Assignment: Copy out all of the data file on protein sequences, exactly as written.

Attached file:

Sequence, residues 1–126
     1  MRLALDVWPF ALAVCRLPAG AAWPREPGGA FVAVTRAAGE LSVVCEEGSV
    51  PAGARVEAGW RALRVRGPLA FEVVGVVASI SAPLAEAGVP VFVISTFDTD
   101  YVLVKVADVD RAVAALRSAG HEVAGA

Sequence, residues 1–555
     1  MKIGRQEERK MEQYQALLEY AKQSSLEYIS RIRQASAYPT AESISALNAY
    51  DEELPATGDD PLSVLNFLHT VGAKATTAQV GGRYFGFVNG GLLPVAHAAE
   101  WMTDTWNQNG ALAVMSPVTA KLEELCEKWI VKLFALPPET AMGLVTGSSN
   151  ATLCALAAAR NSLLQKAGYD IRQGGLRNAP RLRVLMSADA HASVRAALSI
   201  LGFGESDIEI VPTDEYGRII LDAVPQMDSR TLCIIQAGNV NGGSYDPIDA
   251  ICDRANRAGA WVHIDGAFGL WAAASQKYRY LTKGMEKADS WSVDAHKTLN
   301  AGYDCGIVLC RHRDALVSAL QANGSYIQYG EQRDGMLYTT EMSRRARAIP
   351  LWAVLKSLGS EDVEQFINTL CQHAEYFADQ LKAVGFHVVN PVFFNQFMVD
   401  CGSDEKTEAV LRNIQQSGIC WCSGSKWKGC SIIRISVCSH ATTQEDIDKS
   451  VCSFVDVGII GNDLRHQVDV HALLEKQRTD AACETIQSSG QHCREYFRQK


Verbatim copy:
Sequence, residues 1–126
     1  MRLALDVWPF ALAVCRLPAG AAWPREPGGA FVAVTRAAGE LSVVCEEGSV
    51  PAGARVEAGW RALRVRGPLA FEVVGVVASI SAPLAEAGVP VFVISTFDTD
   101  YVLVKVADVD RAVAALRSAG HEVAGA

Sequence, residues 1–555
     1  MKIGRQEERK MEQYQALLEY AKQSSLEYIS RIRQASAYPT AESISALNAY
    51  DEELPATGDD PLSVLNFLHT VGAKATTAQV GGRYFGFVNG GLLPVAHAAE
   101  WMTDTWNQNG ALAVMSPVTA KLEELCEKWI VKLFALPPET AMGLVTGSSN
   151  ATLCALAAAR NSLLQKAGYD IRQGGLRNAP RLRVLMSADA HASVRAALSI
   201  LGFGESDIEI VPTDEYGRII LDAVPQMDSR TLCIIQAGNV NGGSYDPIDA
   251  ICDRANRAGA WVHIDGAFGL WAAASQKYRY LTKGMEKADS WSVDAHKTLN
   301  AGYDCGIVLC RHRDALVSAL QANGSYIQYG EQRDGMLYTT EMSRRARAIP
   351  LWAVLKSLGS EDVEQFINTL CQHAEYFADQ LKAVGFHVVN PVFFNQFMVD
   401  CGSDEKTEAV LRNIQQSGIC WCSGSKWKGC SIIRISVCSH ATTQEDIDKS
   451  VCSFVDVGII GNDLRHQVDV HALLEKQRTD AACETIQSSG QHCREYFRQK